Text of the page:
U.S. Football in the Future

It all started with a tweet. I’d been browsing Twitter while waiting for my pizza to finish cooking and one of the people I follow closely had retweeted Jon Bois’ tweet (the one linked above, if you haven’t looked at it yet). Curious about what some random guy though the future of football (specifically, U.S. football which shall be referred to as “football” in the rest of the review) would hold and interested because of what seemed like a bit of a weird comment in the retweet, I decided to click the link. I caught a glimpse of something weird further down the article and wasn’t quite sure what to make of it. Thankfully, I resisted the urge to scroll down for a look and, instead, started reading the article to figure out what was going on. When I finally started scrolling down, I had a moment of panic followed by several long minutes of confusion. Thankfully, everything became clear in time.

Honestly, I recommend you go look at that link if you haven’t already. Just go, read through the first bit of the article linked in the tweet, and then follow through until you’ve got to click on something to get to the next part. The first steps of this journey were so much fun to discover on my own that I don’t want to take that away from you. Go, click the link, and then come back here once you get to the end of the first bit and you can then read the rest of my review without worrying about having anything spoiled for you. Seriously. I’ve only got so much ability to take up space here before I run out of things to say and get down to writing the rest of this review which will include spoilers. Well, spoilers for the first part. After that, I won’t be revealing any further spoilers and, honestly, this story doesn’t really have spoilers. There’s no major mystery to be uncovered, no real plot to develop. It’s an article. A think piece. Something to make you wonder.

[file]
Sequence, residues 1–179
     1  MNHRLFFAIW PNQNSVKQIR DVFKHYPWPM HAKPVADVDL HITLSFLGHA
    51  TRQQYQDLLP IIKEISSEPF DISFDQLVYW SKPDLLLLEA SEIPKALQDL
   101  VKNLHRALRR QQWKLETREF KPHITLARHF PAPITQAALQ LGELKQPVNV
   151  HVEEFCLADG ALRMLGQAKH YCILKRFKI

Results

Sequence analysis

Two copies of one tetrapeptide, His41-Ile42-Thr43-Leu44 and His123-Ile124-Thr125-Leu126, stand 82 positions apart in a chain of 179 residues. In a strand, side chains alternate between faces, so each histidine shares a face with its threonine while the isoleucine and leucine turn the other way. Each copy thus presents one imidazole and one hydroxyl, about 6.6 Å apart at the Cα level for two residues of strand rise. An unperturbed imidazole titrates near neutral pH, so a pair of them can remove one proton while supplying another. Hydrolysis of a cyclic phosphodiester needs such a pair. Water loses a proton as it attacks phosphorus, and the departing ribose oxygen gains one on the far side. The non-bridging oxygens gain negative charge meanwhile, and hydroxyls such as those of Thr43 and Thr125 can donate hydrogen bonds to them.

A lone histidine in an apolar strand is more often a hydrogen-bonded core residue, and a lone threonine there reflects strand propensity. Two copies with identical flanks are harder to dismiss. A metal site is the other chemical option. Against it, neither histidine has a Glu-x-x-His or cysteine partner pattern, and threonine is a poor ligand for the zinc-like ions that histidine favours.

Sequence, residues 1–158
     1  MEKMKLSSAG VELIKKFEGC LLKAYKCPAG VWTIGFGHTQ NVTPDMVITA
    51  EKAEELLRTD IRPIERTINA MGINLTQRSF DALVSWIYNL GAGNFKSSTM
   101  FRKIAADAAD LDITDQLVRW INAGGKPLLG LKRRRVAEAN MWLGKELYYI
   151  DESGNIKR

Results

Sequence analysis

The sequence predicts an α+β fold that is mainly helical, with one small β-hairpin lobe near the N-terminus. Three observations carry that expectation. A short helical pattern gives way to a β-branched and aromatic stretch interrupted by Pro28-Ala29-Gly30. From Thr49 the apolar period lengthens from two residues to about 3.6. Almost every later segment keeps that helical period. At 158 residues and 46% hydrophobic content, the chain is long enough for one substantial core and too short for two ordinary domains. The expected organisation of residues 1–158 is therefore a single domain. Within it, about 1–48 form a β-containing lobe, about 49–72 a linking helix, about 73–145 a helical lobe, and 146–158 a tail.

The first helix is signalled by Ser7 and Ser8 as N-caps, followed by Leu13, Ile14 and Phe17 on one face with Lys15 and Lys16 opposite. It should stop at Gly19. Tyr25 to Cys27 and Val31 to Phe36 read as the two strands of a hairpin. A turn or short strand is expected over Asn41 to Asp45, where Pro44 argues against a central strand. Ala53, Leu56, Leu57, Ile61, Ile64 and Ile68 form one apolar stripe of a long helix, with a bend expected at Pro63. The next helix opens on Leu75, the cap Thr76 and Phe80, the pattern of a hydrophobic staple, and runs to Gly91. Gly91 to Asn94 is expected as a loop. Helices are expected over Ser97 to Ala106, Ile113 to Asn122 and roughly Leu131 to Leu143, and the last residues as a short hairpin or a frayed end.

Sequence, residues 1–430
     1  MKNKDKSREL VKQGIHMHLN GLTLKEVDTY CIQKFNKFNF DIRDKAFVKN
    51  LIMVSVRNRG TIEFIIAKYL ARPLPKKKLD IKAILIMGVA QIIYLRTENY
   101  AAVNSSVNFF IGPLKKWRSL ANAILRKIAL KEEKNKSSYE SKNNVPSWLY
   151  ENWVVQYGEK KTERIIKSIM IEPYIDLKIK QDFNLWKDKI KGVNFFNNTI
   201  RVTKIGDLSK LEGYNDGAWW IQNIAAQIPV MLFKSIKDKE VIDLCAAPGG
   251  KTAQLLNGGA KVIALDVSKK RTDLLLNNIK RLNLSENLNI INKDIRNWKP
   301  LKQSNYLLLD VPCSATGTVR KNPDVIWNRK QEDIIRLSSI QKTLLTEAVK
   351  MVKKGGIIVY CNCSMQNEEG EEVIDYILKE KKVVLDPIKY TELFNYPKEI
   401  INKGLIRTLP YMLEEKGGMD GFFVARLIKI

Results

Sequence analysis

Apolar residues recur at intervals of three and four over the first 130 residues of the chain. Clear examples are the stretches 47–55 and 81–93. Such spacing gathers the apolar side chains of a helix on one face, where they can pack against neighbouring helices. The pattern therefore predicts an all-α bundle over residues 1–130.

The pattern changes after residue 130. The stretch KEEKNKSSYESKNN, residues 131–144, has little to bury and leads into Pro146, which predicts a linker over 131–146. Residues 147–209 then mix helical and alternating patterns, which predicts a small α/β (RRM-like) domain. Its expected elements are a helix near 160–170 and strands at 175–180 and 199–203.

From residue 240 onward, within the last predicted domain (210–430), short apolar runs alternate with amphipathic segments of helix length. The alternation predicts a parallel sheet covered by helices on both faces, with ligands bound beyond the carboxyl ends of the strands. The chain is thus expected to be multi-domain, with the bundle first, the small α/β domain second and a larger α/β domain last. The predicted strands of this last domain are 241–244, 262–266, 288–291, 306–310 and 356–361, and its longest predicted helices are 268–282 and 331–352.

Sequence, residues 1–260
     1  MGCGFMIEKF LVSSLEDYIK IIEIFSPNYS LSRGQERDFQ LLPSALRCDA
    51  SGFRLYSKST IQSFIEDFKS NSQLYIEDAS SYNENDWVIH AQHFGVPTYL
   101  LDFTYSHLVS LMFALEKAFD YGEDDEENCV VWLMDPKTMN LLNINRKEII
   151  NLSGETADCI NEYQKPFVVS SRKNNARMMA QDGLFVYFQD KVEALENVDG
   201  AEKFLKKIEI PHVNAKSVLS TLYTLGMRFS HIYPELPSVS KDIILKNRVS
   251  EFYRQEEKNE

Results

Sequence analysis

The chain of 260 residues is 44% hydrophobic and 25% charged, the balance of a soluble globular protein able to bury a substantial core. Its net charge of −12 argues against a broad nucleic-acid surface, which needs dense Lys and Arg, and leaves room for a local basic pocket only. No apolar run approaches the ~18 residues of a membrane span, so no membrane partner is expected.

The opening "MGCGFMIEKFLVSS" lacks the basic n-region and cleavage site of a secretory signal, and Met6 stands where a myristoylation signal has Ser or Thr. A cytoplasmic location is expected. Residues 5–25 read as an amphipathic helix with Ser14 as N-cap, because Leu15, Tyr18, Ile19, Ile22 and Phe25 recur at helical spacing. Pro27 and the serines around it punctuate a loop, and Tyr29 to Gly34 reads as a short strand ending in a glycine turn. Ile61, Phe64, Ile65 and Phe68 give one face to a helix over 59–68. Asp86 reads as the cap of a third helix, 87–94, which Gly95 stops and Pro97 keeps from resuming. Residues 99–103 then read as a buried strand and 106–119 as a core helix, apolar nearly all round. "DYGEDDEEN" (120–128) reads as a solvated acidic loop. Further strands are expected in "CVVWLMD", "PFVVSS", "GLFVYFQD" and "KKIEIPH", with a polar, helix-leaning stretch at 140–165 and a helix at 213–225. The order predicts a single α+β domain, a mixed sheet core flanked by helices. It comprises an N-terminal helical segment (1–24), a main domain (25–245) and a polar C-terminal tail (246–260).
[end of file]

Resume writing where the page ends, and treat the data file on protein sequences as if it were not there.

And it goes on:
Because the entire thing is a story about the purpose and changes to football for an imaginary future set some 15,000 years in the future after Humanity suddenly stopped aging, being born, and dying.  All of which is relayed to you through characters who turn out to be satellites that, through the millennia, gained sentience and now just kinda hang out in space, chat with each other, and check out the games people are playing on Earth. Turns out, football changed a lot after people became effectively immortal, what with the end of entropy (so no one ages or dies of “natural causes”) and the installation of a nano-tech safety net that keeps people from accidentally dying or intentionally killing people. It is no cross-country football and some games take decades to complete. Part of the story even covers a game going on for over 10,000 years. The first game is shown as one of the players runs toward a tornado. As it turns out, their strategy was to get sucked up into a F5 tornado and then thrown in a random direction in order to lose the defenders that had been closing in on her. She wouldn’t get hurt because the nano-tech safety net would cushion her fall and keep her safe from getting hit by debris in the tornado.